Rose-Marie Chierici, Associate Professor of anthropology at SUNY-Geneseo, has undertaken long-term development work in Haiti that ranges from grassroots engagement with peasant organizations, village cooperatives and women’s groups, to a formal partnership with the Haitian Ministry of Health to organize, manage and fund a comprehensive health care system for the city of Borgne, in one of Haiti’s most impoverished regions—no small feat in such a volatile country. In her view, engaged scholarship involves “a commitment to social justice and a willingness to examine structures of inequality.” Much of Rose-Marie’s work is accomplished collaboratively with the resilient people in the villages of Haiti—her “partners and colleagues”—and with the involvement of students who work alongside community groups and function as academic partners in research and scholarly work. SUNY-Geneseo’s provost cites the growth and development of Rose-Marie’s students as evidence of her successful scholarship: “Some of these students are currently faculty members who have chosen the path illustrated by Dr. Chierici. Others are in various stages of their undergraduate or graduate programs, but they all speak to what it meant to have Rose-Marie as a mentor.” One wrote, “Dr. Cheirici taught me by example that only by listening to community members and valuing that knowledge and experience can one participate in positive changes and improvements, a lesson often forgotten in development circles.”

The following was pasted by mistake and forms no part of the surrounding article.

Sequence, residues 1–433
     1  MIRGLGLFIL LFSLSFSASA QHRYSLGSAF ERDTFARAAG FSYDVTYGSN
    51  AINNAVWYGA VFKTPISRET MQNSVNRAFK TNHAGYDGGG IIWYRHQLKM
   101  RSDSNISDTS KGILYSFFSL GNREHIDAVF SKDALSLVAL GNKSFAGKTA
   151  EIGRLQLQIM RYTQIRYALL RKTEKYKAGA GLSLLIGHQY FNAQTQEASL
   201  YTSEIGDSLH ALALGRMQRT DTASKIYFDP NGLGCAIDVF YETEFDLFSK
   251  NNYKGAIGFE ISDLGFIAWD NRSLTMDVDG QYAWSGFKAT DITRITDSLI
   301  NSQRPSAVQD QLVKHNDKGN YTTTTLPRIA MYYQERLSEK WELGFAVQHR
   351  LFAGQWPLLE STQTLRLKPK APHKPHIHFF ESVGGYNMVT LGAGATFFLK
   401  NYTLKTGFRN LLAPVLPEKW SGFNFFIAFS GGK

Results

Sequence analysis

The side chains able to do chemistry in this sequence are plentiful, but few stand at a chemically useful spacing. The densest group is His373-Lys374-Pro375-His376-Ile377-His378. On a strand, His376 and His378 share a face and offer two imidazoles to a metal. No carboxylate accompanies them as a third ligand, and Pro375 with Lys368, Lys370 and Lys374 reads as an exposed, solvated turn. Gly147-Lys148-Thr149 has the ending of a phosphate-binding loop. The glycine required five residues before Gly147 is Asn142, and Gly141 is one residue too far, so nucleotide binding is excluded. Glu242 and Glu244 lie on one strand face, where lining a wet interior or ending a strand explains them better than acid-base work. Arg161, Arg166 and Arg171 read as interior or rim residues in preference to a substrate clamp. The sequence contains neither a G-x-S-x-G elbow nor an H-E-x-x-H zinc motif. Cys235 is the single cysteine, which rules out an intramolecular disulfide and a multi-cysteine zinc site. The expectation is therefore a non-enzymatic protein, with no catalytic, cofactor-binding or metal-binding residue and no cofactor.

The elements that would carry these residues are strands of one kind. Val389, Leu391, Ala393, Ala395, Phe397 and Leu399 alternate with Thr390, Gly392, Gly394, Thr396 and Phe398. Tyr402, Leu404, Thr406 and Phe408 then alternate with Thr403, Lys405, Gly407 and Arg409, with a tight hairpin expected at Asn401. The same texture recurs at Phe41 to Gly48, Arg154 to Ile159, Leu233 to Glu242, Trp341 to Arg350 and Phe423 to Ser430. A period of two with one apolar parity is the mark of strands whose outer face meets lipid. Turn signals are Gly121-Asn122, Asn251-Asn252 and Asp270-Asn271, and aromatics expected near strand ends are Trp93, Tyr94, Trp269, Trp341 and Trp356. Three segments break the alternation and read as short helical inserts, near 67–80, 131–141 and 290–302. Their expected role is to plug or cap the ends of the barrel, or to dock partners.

Ann Feldman, Associate Professor of English at the University of Illinois at Chicago, has developed a four-course, community-based writing curriculum that has, in the words of the vice provost for undergraduate affairs, “literally built a culture of teaching writing through real-world writing experiences. That is, the writing in the program is the engaged activity—it is not simply and as commonly used—a means of communicating what you did during your engaged activity.” The Chicago Civic Leadership Certificate Program (CCLCP) is the embodiment of Ann’s goals as an engaged educator and scholar. She writes, “As I argue in my new book, Making Writing Matter: Composition in the Engaged University, my goal has been to make students better writers, which, to me, means situated writers. Such writers are motivated by the particular context in which a piece of writing is called for, conceptualized, produced and delivered.” The program, in which students design and produce writing projects that are beneficial to their community partners, is carried out through the collaborative efforts of faculty, graduate students and community members (who function as both co-teachers and co-planners) and is rigorously assessed each year. The institutional impact of the program has been significant. CCLCP “has permanently changed the shape of the teaching of writing throughout the entire university, enlivened contacts between the university and the city and cultivated a new ethos of intellectually intense community involvement,” writes her department head. “[I]n four years, Dr. Feldman has brought CCLCP from a relatively marginal to an absolutely central position among UIC’s respected and valued undergraduate programs.